Gen Alpha, Part 3

Part 3 of my musings on my daughter's generational affiliation: Gen Alpha

According to the cyclical theory of Strauss and Howe (see Part 2), Gen Alpha should share a lot in common with their great-grandparents: The Baby Boomers. They are both Prophet generations.

This frightens me a little.

My parents are Boomers, so this feels weirdly like poetic justice that I will be raising the archetype of my parents' generation: idealists who overthrow (at times violently) the status quo to bring about a new social order.

Usually, this would bring to mind Vietnam protestors, anarchists, malcontents or hippies. But what if you were politically or socially a conservative Boomer? Were you simply a generational misfit?

Nope. You fulfilled your generational yearnings by enlisting in the Culture Wars.

My parents were such as these. Beginning with their votes for Reagan in 1981, my parents rebelled by pushing for social change in their own way. They enrolled their kids in Christian schools in the 80s and started homeschooling in the early 90s, fighting against what they viewed as the amoral, liberal onslaught.

While the wars have stalemated and wearied out Boomers, they still fight on, providing for some interesting relational dynamics between Boomers and their adult Millennial children, who have largely opted out of what we see as an increasingly misguided, ill-directed venture. As teenagers we might have looked and sounded just like our parents, but as we've come into our own, we've realized our parents' battle isn't ours.

Now, due to a variety of societal, economic, and personal factors, Millennials have been slow to become parents themselves. But we have started and as a generation even bigger in population than Boomers, I fully expect us to have the next baby boom: Gen Alpha. Only unlike our Hero counterparts, the Greatest Gen, who gave birth to the first baby boom generation (with a little help from the Silent Gen), Millennials won't be the only parents of Gen Alpha. The very same soup of factors that have caused Millennials to delay parenthood until now, have also affected Gen X and Gen Z--but in different ways.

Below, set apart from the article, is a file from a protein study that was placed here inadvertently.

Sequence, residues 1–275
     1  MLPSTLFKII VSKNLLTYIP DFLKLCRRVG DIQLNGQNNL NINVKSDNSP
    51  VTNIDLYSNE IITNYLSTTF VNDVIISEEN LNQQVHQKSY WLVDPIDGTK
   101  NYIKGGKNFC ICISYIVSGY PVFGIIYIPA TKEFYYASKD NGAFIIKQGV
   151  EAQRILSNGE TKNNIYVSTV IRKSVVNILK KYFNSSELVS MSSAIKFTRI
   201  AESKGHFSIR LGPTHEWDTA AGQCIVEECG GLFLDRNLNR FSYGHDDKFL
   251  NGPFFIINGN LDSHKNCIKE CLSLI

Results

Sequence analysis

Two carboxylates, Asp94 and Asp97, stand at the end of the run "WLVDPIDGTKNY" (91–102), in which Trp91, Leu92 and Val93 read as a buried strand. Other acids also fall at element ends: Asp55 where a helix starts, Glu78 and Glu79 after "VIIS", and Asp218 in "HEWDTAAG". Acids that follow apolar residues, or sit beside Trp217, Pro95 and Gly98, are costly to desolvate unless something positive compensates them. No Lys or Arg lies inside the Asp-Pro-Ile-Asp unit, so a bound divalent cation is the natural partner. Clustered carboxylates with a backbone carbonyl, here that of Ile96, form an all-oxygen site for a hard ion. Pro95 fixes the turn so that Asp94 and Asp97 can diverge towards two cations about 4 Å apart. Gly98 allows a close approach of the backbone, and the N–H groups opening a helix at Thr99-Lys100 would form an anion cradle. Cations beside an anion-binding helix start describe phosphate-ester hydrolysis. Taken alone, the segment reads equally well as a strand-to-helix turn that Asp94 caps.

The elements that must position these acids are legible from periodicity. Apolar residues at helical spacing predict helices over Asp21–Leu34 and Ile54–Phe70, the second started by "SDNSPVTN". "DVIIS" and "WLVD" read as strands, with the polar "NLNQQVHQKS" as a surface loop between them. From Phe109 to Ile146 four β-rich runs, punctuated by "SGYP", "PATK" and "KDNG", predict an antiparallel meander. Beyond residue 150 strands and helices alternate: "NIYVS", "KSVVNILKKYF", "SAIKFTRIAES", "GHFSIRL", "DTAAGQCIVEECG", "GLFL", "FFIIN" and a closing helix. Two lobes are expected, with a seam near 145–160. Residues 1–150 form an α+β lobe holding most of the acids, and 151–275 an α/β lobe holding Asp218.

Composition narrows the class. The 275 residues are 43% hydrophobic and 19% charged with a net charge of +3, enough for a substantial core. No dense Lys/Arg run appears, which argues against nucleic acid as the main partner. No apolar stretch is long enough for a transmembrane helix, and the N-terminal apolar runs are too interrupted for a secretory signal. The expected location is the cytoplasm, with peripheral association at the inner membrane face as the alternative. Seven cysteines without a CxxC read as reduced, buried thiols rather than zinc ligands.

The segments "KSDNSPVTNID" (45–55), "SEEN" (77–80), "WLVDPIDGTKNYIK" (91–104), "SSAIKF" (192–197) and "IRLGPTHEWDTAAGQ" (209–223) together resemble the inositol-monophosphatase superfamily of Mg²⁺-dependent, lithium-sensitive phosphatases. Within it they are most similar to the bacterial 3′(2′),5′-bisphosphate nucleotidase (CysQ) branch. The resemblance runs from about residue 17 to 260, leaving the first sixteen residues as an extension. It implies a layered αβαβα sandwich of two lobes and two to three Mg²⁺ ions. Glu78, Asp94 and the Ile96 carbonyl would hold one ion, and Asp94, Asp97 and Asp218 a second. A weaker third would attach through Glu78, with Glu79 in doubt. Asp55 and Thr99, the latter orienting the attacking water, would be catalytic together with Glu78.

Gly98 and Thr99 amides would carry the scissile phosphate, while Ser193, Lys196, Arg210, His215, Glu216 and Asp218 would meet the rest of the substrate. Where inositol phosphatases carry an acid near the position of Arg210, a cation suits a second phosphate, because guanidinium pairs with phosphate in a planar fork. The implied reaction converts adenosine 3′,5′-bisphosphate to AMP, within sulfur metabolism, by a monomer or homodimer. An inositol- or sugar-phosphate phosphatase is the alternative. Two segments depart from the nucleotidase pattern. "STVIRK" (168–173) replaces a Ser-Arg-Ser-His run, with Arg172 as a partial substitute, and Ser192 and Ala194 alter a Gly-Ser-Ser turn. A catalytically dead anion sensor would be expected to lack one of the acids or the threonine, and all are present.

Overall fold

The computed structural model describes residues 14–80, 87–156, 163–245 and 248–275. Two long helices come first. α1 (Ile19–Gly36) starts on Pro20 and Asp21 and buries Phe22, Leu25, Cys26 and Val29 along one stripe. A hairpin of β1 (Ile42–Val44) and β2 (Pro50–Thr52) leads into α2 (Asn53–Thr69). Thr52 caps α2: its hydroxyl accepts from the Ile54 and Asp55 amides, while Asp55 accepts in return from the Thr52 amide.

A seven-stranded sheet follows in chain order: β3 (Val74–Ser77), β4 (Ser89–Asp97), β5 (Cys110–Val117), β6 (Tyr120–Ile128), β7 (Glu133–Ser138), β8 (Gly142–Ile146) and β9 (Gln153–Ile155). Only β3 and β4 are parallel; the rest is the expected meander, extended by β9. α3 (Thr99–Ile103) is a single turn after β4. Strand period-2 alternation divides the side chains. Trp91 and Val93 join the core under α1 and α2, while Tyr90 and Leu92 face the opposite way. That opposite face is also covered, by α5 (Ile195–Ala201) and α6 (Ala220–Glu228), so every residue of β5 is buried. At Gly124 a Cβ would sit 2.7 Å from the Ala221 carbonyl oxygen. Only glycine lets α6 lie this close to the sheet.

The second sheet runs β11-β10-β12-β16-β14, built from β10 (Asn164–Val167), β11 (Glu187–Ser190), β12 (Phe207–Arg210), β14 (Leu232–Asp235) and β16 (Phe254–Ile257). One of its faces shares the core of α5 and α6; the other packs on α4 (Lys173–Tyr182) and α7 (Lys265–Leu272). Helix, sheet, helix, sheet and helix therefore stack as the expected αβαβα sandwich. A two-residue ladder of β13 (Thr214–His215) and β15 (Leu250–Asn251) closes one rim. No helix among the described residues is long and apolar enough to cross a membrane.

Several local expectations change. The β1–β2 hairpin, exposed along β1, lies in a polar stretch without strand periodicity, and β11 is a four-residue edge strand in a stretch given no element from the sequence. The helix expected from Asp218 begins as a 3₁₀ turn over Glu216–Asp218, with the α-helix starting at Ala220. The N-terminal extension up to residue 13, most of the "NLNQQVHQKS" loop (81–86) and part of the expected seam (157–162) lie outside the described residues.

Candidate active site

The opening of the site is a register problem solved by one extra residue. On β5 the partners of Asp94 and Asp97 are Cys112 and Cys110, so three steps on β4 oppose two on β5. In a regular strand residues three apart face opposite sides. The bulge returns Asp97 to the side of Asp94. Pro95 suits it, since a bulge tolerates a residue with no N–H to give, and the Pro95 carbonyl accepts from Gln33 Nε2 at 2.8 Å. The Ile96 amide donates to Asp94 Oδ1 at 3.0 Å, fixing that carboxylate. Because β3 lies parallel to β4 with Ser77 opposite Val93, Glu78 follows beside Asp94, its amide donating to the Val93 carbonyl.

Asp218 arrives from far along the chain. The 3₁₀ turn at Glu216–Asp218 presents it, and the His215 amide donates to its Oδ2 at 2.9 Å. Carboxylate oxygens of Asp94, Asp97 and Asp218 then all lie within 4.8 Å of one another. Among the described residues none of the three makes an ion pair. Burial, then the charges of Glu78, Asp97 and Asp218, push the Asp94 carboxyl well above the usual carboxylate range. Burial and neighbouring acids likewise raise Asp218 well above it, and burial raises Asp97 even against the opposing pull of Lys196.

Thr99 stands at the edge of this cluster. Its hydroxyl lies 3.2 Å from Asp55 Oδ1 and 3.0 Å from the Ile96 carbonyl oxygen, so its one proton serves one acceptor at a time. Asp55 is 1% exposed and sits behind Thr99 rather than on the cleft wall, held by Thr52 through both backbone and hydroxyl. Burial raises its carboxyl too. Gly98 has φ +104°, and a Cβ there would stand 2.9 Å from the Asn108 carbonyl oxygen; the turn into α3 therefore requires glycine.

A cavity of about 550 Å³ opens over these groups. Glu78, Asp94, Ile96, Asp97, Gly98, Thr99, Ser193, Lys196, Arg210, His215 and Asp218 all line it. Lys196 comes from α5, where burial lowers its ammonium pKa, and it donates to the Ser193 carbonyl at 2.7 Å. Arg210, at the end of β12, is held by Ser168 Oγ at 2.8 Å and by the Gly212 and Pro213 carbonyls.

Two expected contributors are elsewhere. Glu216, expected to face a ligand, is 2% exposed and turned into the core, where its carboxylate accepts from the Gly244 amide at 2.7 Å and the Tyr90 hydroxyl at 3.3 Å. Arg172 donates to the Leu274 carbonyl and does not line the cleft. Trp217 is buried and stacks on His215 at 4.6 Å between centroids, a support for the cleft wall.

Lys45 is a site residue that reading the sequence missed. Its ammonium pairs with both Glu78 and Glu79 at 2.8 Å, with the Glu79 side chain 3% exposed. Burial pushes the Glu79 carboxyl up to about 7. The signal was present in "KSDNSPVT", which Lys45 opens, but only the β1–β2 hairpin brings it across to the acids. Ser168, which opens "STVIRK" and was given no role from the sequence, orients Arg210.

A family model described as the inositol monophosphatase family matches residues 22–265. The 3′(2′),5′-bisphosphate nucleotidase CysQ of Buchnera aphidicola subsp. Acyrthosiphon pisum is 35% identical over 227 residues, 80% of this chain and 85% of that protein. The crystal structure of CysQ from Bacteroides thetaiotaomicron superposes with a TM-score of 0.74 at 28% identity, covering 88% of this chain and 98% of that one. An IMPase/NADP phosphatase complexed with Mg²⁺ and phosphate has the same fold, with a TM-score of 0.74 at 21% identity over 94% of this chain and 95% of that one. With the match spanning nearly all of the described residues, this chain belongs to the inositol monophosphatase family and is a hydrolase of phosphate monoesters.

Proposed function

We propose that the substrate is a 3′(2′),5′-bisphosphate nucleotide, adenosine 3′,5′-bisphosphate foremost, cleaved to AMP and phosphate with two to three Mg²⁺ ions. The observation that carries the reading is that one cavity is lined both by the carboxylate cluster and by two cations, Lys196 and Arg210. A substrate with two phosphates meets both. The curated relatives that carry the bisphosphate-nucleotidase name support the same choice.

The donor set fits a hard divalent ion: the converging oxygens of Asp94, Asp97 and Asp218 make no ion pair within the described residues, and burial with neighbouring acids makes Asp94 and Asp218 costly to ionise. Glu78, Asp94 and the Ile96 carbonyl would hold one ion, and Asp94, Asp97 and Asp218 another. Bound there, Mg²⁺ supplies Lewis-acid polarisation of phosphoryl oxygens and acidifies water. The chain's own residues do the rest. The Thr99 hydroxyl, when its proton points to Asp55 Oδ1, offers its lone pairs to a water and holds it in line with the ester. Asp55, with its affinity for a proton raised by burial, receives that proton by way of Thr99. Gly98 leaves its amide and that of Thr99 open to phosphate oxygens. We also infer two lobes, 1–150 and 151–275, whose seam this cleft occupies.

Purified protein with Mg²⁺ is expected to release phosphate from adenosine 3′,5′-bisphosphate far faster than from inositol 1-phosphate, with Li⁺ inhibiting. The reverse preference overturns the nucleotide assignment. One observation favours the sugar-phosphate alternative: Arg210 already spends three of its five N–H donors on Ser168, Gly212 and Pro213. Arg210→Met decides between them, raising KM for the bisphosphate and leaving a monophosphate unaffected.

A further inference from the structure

End result? There will be THREE generations parenting Gen Alpha.

While it's possible the effect of three different generational parenting styles will moderate some of Gen Alpha's Prophet type nature, it's likely to make an already very diverse (ethnically-speaking) generation even more so (culturally). That combined with their sheer numbers and whatever unknown disastrous national and world events happen in their lifetime, could prove to create some pretty explosive results.

Does this mean that my daughter will be a rebel from the start? Maybe. Even in the womb, she's shown herself a nonconformist. (Well, the ultrasound tech seemed to think so since it took TWO one and a half hour sessions for the doctors to complete her twenty week anatomy scan. She's not shy. She's just an independent-minded introvert who didn't feel like being cooperative, er, social at the time. Incidentally, a pregnant Millennial friend of mine also witnessed her daughter's Gen Alpha traits en utero: her baby gave their ultrasound tech the finger.)

But maybe this is all much ado about nothing. After all, doesn't an individual's personality say more than the generalities of their generational collective? 

Perhaps. Yet I also can't escape the fact that we live as a collective--communities within communities. (Yes, I know, how Gen Y of me to be so communally-focused). Our Boomer parents who withdrew from society into entrenched subcultures failed to really produce a lasting lifestyle legacy. Most of us Evangelical Gen Yers who grew up like that have, as adults, decided that reengaging with society is a better way to be salt and light. (Kinda hard to salt and preserve a chunk of meat unless you saturate it. Equally difficult to light up a dark room from under the bed.) Although to be fair many formerly withdrawn Boomers have come around and are now engaging the hurting in their local communities alongside Gen X, Y, and Z.

So maybe my daughter will be an assertive, unstoppable crusader for whatever cause embeds itself into her heart and mind. Or maybe she'll express her Prophet idealism by quietly working behind the scenes toward slow social, political, or economic change. Even if she opts to be an Artist throw-back and "rebel" by identifying with Gen Z, her daddy and I will love her. And try to nurture and guide her the best we know how.

Just like our parents did for us. And their parents did for them.


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